Does the most common vaginal infection relate to infertility, or can it put an existing pregnancy at risk? Here's what you need to know.
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I spent most of my first trimester convinced I was about to have a miscarriage, and no amount of cajoling or logic could convince me otherwise. “After all,” I’d tell my husband, holding aloft a best-selling pregnancy tome, “two of my symptoms are on the list of the 15 signs to watch out for, and see, the medical text I checked out of the library last week says that one in five pregnancies ends in miscarriage, and oh, yeah, I read online about a woman who lost her baby but didn’t know it for weeks and weeks. So of course I’m having a miscarriage.” And I’d burst into tears.
To his credit, my husband didn’t actually burn the books, take away my library card or unplug the computer, but I’m sure he wished he could. “Stop reading that stuff,” he’d plead. “Can’t you just trust your instincts?”
I couldn’t. This was my first pregnancy, and I had no idea what my body was doing. I felt out of control, and the only way I could regain a semblance of it was to gather as much information as possible. It didn’t work. The only thing that did was feeling the baby move.
The right amount of information
In my case, a little knowledge was a dangerous thing. For others, however, it can be a literal lifesaver. Deb Frey miscarried her first pregnancy at 11 weeks. Two months later, she was pregnant again. After reading everything she could about getting and staying pregnant, she decided to chart her temperature. (She had read that the temperature rise most women experience after conception is due to an increase in the hormone progesterone, which helps to maintain a pregnancy.) When she saw that her temperature wasn’t high enough, she asked her doctor to test her progesterone levels. Sure enough, she had a problem.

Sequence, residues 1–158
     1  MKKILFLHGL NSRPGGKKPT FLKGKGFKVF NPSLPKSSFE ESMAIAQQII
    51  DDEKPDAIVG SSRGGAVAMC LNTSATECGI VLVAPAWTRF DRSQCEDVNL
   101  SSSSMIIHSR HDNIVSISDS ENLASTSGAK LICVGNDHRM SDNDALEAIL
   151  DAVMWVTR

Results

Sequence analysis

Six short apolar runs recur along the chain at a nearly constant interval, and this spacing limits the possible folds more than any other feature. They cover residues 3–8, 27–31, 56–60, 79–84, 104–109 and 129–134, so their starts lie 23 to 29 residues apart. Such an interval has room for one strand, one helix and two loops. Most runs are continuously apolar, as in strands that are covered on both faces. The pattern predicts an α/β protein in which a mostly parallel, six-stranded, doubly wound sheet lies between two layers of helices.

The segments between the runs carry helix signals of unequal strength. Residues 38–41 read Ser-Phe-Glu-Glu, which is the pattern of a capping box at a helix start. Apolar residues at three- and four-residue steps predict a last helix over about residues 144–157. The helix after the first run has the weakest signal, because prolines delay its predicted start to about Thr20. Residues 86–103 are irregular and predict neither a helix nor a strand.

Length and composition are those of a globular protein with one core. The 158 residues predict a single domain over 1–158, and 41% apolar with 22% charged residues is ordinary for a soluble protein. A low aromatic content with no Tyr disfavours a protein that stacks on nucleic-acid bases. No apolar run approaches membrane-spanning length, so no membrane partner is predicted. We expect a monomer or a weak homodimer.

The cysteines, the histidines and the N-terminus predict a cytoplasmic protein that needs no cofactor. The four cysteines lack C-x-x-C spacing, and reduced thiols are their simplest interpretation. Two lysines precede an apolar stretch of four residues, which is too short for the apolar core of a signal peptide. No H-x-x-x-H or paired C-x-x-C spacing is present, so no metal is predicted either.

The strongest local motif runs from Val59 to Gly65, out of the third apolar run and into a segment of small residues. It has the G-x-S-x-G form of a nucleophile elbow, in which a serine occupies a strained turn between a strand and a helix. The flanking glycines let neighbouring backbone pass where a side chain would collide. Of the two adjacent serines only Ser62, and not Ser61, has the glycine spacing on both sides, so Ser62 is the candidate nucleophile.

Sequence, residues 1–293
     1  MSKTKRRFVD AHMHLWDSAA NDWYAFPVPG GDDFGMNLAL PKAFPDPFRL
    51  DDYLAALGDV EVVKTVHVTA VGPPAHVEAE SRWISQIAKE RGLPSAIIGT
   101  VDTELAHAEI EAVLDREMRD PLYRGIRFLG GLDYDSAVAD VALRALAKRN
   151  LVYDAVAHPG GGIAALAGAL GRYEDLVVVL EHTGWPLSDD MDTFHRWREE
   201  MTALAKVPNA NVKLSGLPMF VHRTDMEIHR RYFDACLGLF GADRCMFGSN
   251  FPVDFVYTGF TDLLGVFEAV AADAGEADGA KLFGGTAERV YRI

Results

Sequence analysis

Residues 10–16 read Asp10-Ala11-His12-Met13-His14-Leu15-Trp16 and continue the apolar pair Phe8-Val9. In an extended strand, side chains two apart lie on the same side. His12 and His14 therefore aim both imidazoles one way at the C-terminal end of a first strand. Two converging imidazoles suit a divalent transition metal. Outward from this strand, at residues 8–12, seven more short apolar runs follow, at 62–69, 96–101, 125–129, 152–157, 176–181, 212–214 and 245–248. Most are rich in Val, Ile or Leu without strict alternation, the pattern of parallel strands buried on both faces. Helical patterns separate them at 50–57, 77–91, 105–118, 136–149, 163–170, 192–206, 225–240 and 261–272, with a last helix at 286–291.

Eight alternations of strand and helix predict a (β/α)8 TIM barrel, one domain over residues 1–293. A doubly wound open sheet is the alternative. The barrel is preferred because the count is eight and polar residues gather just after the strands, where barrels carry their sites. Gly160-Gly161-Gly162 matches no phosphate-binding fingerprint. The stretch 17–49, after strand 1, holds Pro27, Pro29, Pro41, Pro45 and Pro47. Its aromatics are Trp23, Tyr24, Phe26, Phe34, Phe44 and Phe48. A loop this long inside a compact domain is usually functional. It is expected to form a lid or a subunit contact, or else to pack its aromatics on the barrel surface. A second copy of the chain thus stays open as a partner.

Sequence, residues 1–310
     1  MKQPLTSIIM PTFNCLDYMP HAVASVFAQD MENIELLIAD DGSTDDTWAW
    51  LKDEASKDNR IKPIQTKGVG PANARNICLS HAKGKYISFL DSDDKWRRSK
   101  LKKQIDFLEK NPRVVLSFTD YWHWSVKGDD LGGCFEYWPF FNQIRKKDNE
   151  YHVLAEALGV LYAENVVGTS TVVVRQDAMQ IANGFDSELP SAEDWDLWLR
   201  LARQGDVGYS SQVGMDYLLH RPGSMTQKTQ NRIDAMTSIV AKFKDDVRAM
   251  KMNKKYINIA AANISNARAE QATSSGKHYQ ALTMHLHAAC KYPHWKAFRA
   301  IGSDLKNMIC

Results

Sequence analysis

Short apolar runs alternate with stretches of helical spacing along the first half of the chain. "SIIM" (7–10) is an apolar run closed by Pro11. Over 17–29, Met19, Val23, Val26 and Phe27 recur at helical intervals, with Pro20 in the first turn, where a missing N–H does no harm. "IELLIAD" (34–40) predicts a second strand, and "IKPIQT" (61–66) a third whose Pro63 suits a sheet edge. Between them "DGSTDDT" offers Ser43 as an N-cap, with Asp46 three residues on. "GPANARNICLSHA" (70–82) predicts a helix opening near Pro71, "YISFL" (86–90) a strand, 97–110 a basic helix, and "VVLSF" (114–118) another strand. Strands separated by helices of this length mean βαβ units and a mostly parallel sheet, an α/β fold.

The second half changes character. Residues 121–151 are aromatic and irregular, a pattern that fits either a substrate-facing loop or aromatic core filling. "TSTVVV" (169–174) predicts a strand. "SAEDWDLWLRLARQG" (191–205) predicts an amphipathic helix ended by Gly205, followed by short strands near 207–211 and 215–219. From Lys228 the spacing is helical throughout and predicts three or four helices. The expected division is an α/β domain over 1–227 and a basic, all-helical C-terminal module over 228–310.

“I [was prescribed] progesterone suppositories, and my levels went up to where they were supposed to be,” Frey says. “I, as well as my doctors, believe that had I not requested the test, I would not have my beautiful year-old daughter today.”
The same books that nearly ruined my pregnancy experience saved hers. What does that say for other pregnant women? Is ignorance bliss? Or is knowledge power? Obviously, the decision about how much to know is a very personal one.
Just the facts, ma’am
The benefits of arming yourself with information are
obvious. Caught early enough, some potentially dangerous complications can be sidestepped. Or you can finally sit back and relax. “The more knowledge I had, the more control and power I felt I had,” says Elise NeeDell Babcock, a Houston-based speaker on health-care issues and author of When Life Becomes Precious (Bantam, 1997). Babcock experienced a few miscarriages and lost a baby 26 weeks into her pregnancy before giving birth to her daughter, now 3.
But if, like me, you’re the type who obsesses, you might want to limit yourself. “Read only the facts,” says Babcock. “Don’t listen to horror stories. In the end, you need to take the information, put it on the top shelf in your brain, and then simply enjoy your pregnancy.”